In conversation with Ellert Haitjema


Ellert Haitjema is a Dutch conceptional artist working mainly with sculpture and photography, exploring the potential of ordinary objects and how anything could take on different
meanings if we are willing to stay open. We often assume we know what
things are, but what if they could be something else?

by Carolina Castilho


For those who don’t know you: who are you and how did you get started as an artist?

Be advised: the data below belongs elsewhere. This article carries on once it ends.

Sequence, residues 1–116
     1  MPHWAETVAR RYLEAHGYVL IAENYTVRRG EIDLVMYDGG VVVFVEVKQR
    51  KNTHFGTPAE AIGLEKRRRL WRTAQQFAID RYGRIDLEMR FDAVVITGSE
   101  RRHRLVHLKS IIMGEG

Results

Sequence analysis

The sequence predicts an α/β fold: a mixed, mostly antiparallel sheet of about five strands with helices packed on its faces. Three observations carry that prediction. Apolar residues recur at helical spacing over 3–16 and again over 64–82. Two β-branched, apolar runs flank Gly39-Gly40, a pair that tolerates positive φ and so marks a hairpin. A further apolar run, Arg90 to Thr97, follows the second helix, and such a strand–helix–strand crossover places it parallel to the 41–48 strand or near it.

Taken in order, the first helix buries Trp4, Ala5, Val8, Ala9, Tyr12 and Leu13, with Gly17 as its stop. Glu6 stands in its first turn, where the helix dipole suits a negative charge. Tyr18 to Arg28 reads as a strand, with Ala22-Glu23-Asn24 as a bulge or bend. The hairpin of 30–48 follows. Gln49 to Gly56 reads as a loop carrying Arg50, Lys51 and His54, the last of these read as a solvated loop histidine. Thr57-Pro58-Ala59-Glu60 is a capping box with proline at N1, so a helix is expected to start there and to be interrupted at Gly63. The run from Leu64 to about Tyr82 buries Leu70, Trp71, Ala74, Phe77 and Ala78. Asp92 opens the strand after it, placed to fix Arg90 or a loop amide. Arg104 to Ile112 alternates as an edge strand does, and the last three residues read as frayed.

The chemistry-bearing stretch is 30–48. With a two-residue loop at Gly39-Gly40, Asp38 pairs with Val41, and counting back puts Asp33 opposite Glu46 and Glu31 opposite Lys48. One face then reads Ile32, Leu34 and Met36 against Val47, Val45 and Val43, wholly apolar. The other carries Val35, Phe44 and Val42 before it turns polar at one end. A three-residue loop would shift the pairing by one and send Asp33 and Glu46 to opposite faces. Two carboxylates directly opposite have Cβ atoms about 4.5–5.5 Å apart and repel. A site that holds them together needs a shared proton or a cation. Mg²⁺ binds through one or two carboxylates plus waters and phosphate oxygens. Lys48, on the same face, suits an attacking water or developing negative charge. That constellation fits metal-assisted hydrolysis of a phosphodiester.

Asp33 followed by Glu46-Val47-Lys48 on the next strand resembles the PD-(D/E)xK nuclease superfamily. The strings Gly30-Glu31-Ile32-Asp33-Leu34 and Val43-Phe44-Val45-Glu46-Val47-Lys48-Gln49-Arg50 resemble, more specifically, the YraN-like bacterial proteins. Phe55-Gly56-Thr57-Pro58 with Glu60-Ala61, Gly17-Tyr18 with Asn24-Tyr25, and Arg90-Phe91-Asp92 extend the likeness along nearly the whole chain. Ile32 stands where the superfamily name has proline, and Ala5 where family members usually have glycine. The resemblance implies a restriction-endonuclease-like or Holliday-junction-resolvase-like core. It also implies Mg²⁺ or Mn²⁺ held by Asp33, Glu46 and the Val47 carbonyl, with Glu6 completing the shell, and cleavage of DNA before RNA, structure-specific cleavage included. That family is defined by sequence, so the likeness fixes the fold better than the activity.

I think the very source of my interest in being an artist came when I was fourteen and I was watching a television program, and there was an animation film made by students from the Rietveld Academie. At the time there was no Internet and I didn’t know any artists around me, but in that moment I found out that something like an art school existed, I had a name, and from then on I knew that’s where I wanted to go. After that I did what was necessary at school in order to go to art school and I never had a doubt about it, I was very determined. In the meantime I got more and more information and it confirmed that first impression that I had from watching the film, that that was the place where I wanted to go, it was my goal. Since I come from a builders’ background, I thought maybe I would go into architecture. But at Rietveld you have a foundation year in which you can try all different disciplines and I found sculpture so appealing that I ended up going in that direction. After that I had the possibility to go to the Rijksakademie and it was a great opportunity, where I also began to use photography as a sketchbook and as a way of keeping memories, and that became more and more important to me, alongside sculpture. I think even my photography has a sculpture reading, it is often about piling up, balancing, etc. During that time I also made a book, and that practice keeps coming back every 5, 6, 7 years. The seeds were planted fairly early and everything progressed very organically, I think.